Dignity is what it should be all about

PN candidate Claudio Grech writes: Rather than wasting precious time in petty bickering we should converge our strengths to address these social challenges

Young people can be mobilized to achieve ambitious societal and economic goals
Young people can be mobilized to achieve ambitious societal and economic goals

Human life is sacred and we are to think no less of somebody because of his beliefs, political leanings, race, physical abilities, culture or economic status. Every human being should be regarded as an invaluable member of society with a free expression of their right to life. It is imperative that we create a sense of self-worth, a sense of pride in oneself and a conscious sense that every individual deserves respect from others. It is only within this sense of dignity that each one of us can strive to be the best that one can possibly be in each stage of life, from childhood to retirement.  

Young people are a critical resource to society and can be mobilised to achieve ambitious societal and economic goals. Although the opportunities to acquire academic and vocational skills have increased, there still remains a considerable share of youth who reach employability age with no qualifications or skills resulting in a number of them joining the shadow market.

This unofficial participation in the labour market often leads to an erosion of a person’s dignity since, in the long-term, it limits the individual’s upward job mobility. This is a reality in youth segments from underprivileged communities, where for a number of reasons access to education and empowering opportunities were very limited due to difficult social realities.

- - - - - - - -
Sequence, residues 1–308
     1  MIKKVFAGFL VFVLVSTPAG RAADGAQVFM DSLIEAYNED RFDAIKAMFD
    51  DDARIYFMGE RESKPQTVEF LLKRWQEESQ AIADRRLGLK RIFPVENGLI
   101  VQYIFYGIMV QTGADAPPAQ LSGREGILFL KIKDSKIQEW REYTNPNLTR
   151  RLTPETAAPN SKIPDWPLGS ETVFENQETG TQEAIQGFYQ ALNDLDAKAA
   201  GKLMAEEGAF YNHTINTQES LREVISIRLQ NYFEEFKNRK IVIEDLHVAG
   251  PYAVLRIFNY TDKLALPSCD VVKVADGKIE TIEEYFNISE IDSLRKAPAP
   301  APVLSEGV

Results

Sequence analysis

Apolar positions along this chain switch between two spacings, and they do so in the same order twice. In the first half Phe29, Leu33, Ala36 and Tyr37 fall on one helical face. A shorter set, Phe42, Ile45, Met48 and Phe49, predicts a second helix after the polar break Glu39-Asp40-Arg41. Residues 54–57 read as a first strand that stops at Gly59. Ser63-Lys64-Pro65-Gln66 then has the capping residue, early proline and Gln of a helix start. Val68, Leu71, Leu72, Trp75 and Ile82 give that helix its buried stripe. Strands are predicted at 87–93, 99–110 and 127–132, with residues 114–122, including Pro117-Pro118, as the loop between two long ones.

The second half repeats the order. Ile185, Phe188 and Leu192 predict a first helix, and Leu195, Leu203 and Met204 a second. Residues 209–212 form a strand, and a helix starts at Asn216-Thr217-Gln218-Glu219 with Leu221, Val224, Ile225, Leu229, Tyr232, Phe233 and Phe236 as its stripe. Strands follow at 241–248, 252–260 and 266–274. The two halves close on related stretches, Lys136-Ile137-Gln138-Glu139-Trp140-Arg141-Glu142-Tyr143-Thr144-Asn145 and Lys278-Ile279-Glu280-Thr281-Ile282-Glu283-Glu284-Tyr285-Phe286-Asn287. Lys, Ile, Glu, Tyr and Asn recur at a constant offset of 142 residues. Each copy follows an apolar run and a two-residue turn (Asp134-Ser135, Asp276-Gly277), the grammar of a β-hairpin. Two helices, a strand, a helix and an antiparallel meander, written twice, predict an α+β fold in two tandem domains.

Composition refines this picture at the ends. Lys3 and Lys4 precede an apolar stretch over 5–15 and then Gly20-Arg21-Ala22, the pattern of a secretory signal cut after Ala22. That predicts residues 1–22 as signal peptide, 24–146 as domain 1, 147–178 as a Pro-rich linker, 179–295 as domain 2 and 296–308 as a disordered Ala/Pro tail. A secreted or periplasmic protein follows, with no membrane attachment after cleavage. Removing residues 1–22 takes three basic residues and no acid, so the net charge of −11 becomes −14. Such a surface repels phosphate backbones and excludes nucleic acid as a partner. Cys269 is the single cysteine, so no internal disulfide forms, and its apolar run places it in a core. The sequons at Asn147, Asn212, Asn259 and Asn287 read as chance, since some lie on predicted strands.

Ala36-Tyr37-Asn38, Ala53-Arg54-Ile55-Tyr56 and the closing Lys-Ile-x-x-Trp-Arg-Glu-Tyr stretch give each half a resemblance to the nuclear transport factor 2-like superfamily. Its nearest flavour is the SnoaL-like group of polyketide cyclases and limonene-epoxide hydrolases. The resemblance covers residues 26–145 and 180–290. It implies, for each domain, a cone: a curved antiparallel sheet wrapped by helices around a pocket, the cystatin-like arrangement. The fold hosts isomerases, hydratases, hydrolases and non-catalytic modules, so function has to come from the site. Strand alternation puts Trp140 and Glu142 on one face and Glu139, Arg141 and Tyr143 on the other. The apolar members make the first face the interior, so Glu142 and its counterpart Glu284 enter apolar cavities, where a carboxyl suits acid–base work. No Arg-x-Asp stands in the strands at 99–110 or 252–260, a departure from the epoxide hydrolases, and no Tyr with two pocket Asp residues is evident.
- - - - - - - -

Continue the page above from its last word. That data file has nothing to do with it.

I strongly feel that empowering citizens with skills is a continuous ambition. As politicians we should strive to create nation-wide opportunities in the context of our country’s economic landscape. There should be better development and use of skills which reflect the present and future needs of the economic sectors which our country is seeking to develop.

The financial services sector, including the thriving gaming and corporate services sectors, the tourism sector, the aviation sector and the high value-added manufacturing companies are the leading contributors to Malta’s economic performance, hence the need to effectively and pro-actively address their skill needs while providing a flexible academic and vocational skills programme.  

The role of economic and social policy for human capital to thrive cannot be over emphasised. The strength of the country’s economy through the attraction of foreign direct investment and growth of the indigenous business sector is one of the basic pillars of every government. Yet on the wave of every economic boom an ambitious social policy programme should also be part of our country’s growth model.